Since acquiring Onavo in 2013, Facebook has used it to track what apps people were using on phones. This surveillance helped Facebook detect trendy services, tipping off the company to startups it might want to buy and areas it might want to work on for upcoming features.

Facebook said in a statement that it has “always been clear when people download Onavo about the information that is collected and how it is used.”

But Onavo fell out of compliance with Apple’s app-store guidelines after they were tightened two months ago to protect the reservoir of personal information that people keep on their iPhones and iPads.

Apple’s revised guidelines require apps to get users’ express consent before recording and logging their activity on a device. According to Apple, the new rules also “made it explicitly clear that apps should not collect information about which other apps are installed on a user’s device for the purposes of analytics or advertising/marketing.”

Facebook will still be able to deploy Onavo on devices powered by Google’s Android software.

Onavo’s ouster from Apple’s app store widens the rift between two of the world’s most popular companies.

Apple CEO Tim Cook has been outspoken in his belief that Facebook does a shoddy job of protecting its 2.2 billion users’ privacy - something that he has framed as “a fundamental human right.”

Cook sharpened his criticism following the Cambridge Analytica scandal. He emphasized that Apple would never be caught in the same situation as Facebook because it doesn’t collect information about its customers to sell advertising. Facebook CEO Mark Zuckerberg fired back in a separate interview and called Cook’s remarks “extremely glib.” Zuckerberg implied that Apple caters primarily to rich people with a line of products that includes the $1,000 iPhone X.

Late Wednesday, Facebook said it moved to ban the myPersonality app after it found user information was shared with researchers and companies “with only limited protections in place.” The company said it would notify the app’s users that their data may have been misused.

It said myPersonality was “mainly active” prior to 2012. Though Facebook has tightened its rules since then, it is only now reviewing those older apps following the Cambridge Analytica scandal.

The app was created in 2007 by researcher David Stillwell and allowed users to take a personality questionnaire and get feedback on the results.

“There was no misuse of personal data,” Stillwell said in a statement, adding that “this ban appears to be purely cosmetic.” Stillwell said users gave their consent and the app’s data was fully anonymized before it was used for academic research. He also rejected Facebook’s assertion that he refused to submit to an audit. (AP)


September 8, 2018 - September 14, 2018

Samsung’s $1,000 Note 9 is great - but so is the cheaper S9

The Samsung Galaxy Note 9 is shown in New York. For $1,000, the Galaxy Note 9 is a superb phone that’s the best Samsung has to offer. But for a few hundred dollars less, the Galaxy S9 offers many of the features the Note 9 is now getting, including zippy speeds and camera improvements. (AP Photo/Richard Drew, File)

Anick Jesdanun

New York (AP) - For $1,000, the premium Galaxy Note 9 is a superb phone that showcases the best Samsung has to offer.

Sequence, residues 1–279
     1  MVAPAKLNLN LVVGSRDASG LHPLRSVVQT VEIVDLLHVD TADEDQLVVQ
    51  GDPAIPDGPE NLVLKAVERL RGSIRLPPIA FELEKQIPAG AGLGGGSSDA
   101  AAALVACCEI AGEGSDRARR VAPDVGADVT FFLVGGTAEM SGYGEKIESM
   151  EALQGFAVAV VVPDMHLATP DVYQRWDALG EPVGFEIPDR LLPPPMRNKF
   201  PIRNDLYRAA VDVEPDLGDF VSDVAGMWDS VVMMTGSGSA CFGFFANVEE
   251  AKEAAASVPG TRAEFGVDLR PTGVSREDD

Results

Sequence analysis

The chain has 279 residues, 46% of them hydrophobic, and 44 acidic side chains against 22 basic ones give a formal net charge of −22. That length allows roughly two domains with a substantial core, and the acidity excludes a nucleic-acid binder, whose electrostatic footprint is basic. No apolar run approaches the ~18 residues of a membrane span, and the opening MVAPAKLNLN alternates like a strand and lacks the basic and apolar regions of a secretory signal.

It’s also the phone most of you won’t need. That’s because you can get many of the same features in Samsung’s Galaxy S9 for a few hundred dollars less.

The Note 9, available Friday, is the Android smartphone for those who want the latest and the greatest. There’s a larger battery, with a 21 percent boost over last year’s Note 8 model. The Note 9 gets 128 gigabytes of storage, double what’s in the S9 and Apple’s iPhones. And of course, a large screen.

But there’s not much “wow” beyond that. Smartphone innovation has slowed down in recent years. It’s more noticeable with Samsung because the company spreads out those innovations between two major smartphones each year. One phone inevitably plays catch up with the other every six months.

So now we find that the Note 9 is getting the zippy processor and cellular speeds the S9 phones first offered earlier this year. It’s also getting the S9’s dual-aperture camera for better low-light shots as well as its gimmicky, but super-fun, ability to take video with super-slow motion.

And the S9 starts at just $720 through T-Mobile, and about $800 through Verizon, AT&T and Sprint. A Plus version that’s closer in size to the Note 9 costs $840 to $930.

True, the Note 9 offers a little more wowness. Its camera uses artificial intelligence to optimize colors and lighting for what you’re trying to shoot, be it food, a sunset or flowers. Many low-light shots were even better than what the S9 produced, even though both share the second aperture designed to let in more light when needed.

Of course, you’re likely to see this feature in the S10 in about six months.

That brings us to one of the Note’s remaining distinctive features, its stylus. It’s useful for handwriting notes and signing documents on the screen. Now, it can control digital slideshows and music playback, too. The new stylus gets Bluetooth to double as a remote control. Selfies won’t look as awkward when you don’t have to reach for the on-screen button; just press the pen to snap the shutter.

Unfortunately, there isn’t a lot the remote feature can do yet. It’s a promising feature - but could remain mostly a promise if app developers don’t take advantage of it.

Many past Samsung features failed to gain traction because app developers couldn’t be bothered to make the tweaks needed. For instance, Air View was supposed to offer pop-up previews just by pointing to an email and calendar entry, but it mostly worked only with Samsung’s home-grown apps.